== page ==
A sluggish start for an underwhelming game
Chris: There’s no sugarcoating this: Florida came out incredibly flat. There was zero buzz heading into this game, as expected given Vanderbilt’s lack of success this season, and perhaps that played a part in an incredibly sluggish start, but there’s also no denying that Florida did not come to this game with its best effort from whistle to whistle.
Vandy took the ball on the first drive and marched right down the field on a well-executed, surely scripted drive, facing little to no resistance from an inert defense that saw most of its motion happen presnap. And Florida’s potent offense played into the sluggishness, too: Outside of their first drive, a quick and efficient scoring march thanks in large part to Kyle Trask and Kadarius Toney, the first half was very frustrating. Two drives led to quick punts, another culminated in a field goal, and the snap-to-snap look wasn’t that of the elite offense the Florida faithful have grown accustomed to.
And all that didn’t matter, really: The defense did hold firm against a lifeless Commodores offense after that first drive, holding Vandy to just ten points in the first half; ultimately, the class of Florida’s reigned supreme, as Kyle Trask did his thing and turned this into an easy win for the Gators. Hopefully, we’ll learn that this wasn’t cause for long-term concern — that Florida just failed to get up for this one, and it took the Gators a while to gain control.
But this start shows this team can still start slowly.
Kyle Trask’s baseline is bonkers
Andy: Kyle Trask completed 26 of 35 passes for 383 yards and three touchdowns against Vanderbilt last Saturday.
He did not post season highs in completions, completion percentage, passing yards, passing touchdowns, yards per attempt, or passer rating in that game.
It was his seventh game of three or more touchdown passes in 2020, but his only one with fewer than four; it was his sixth game with 300 or more passing yards, but just his third-highest total. He put together a 194.49 passer rating that would have been second nationally to Joe Burrow’s in 2019 — and is better than every nation-leading seasonal rating prior to 2016 — and it was his fourth-best of the year, and slightly below his 197.09 rating for the season.
This is where we are with Trask right now: A relatively unremarkable game by his standards and ours is also an extraordinary game in most eyes. He — and Florida’s offense being a masterpiece in the making — is numbing us to greatness.
I really, really hope we can savor this season, because it won’t last forever and might not be replicable. But it might be easier to do that after the fact, when our understanding of what he is doing can be appreciated rather than absorbed.
Florida’s running game is stuck in second gear
Chris: It’s been a running theme this season for the Gators, and even against a bad Vandy team, it held true: The rushing attack just isn’t dominant. Vanderbilt came into the game allowing the second most rushing yards per game in the SEC at 185 a game, but the Gators couldn’t exploit it.
They did finish with 173 rushing yards on the day, which isn’t necessarily the worst, but it feels worse when considering that just one carry went for more than 15 yards, and that there were several times the run was stuffed and completely ineffective.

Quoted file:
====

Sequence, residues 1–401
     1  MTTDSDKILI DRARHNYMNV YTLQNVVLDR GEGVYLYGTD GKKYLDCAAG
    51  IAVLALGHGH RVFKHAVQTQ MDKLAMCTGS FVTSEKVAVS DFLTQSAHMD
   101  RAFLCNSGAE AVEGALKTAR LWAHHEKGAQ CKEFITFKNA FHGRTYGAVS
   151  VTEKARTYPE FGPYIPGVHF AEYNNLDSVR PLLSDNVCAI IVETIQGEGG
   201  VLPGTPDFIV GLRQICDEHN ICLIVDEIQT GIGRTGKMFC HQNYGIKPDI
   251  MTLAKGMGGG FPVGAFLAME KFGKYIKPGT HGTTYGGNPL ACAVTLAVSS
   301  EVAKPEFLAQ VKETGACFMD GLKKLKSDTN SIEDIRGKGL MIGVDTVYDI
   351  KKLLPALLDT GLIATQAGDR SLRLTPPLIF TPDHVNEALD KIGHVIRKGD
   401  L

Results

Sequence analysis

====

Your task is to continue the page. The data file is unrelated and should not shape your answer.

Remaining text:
This is also more of a eye-test complaint than a box-score issue: Dameon Pierce had a nice game with over five yards a carry and a score, Emory Jones did damage in his cameo, and Malik Davis was close to five yards a tote in his own right. But it still feels to me like Florida’s run game isn’t a factor except as an afterthought, and isn’t dominant even when it’s leaned on to lean on an overmatched foe.
If it can’t consistently move the ball on the ground against Vandy, Florida might find the elusive but forever-sought offensive balance difficult to achieve down the stretch of this season against much more competent teams.
The defense is probably still a fatal flaw
Andy: At this point, talking about the flaws in Florida’s defense feels like swiping a stick at the ghost of a dead horse: We all know them, if we are watching. Players look lost, play off coverages inexplicably, take full quarters to seem like they’re ready to play, miss tackles, blow assignments, and so forth.
It’s not great, as Vandy putting up exactly as many passing yards on Florida as it did on Ole Miss and its best yards per attempt mark by more than a yard and a half helps convey. And if you’re panning for positives, Florida did do a pretty good job of gumming up the Commodores’ running game (34 carries, 87 yards), and got some promising play from reserves like Jesiah Pierre and especially Ty’Ron Hopper — who basically wrecked a drive by himself late in the game — but also gave up Vanderbilt’s best offensive day of the year on a per-play basis.
This defense, though, is not meaningfully changing under Todd Grantham this fall, and not getting meaningful reinforcements other than players like Pierre and Hopper getting rotated in on occasion. And that’s not enough to make Florida’s defense anything other than what it is: A substandard unit and a likely liability that is going to be the reason that Florida fails to win a game, if and when Florida fails to win a game.
It is what it is. Pretending it’s something else will serve all of us poorly.